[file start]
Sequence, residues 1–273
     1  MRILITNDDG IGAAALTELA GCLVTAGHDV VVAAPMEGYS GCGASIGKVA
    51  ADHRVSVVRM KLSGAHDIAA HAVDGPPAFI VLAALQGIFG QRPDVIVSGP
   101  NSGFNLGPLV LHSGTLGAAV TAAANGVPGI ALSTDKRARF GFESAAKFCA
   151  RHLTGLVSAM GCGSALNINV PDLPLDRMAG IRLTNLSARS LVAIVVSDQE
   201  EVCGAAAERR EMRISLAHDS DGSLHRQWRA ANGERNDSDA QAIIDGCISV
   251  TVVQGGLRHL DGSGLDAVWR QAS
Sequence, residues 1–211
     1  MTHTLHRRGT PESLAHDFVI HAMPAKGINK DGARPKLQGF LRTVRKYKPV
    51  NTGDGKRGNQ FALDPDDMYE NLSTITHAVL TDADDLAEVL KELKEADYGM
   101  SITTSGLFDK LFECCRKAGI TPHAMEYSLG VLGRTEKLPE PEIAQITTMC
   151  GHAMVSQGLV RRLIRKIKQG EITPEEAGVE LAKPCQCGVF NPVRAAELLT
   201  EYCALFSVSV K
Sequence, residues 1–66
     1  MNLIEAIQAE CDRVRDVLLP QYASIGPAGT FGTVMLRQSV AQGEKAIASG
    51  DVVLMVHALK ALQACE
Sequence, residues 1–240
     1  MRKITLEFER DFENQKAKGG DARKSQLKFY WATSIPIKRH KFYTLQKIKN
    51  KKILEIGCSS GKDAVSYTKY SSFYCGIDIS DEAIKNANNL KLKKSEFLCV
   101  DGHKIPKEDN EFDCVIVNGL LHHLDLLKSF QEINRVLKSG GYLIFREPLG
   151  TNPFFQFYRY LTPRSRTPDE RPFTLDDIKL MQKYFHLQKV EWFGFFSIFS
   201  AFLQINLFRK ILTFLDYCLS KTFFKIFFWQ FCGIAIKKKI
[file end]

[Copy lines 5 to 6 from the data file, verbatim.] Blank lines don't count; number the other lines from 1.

   151  RHLTGLVSAM GCGSALNINV PDLPLDRMAG IRLTNLSARS LVAIVVSDQE
   201  EVCGAAAERR EMRISLAHDS DGSLHRQWRA ANGERNDSDA QAIIDGCISV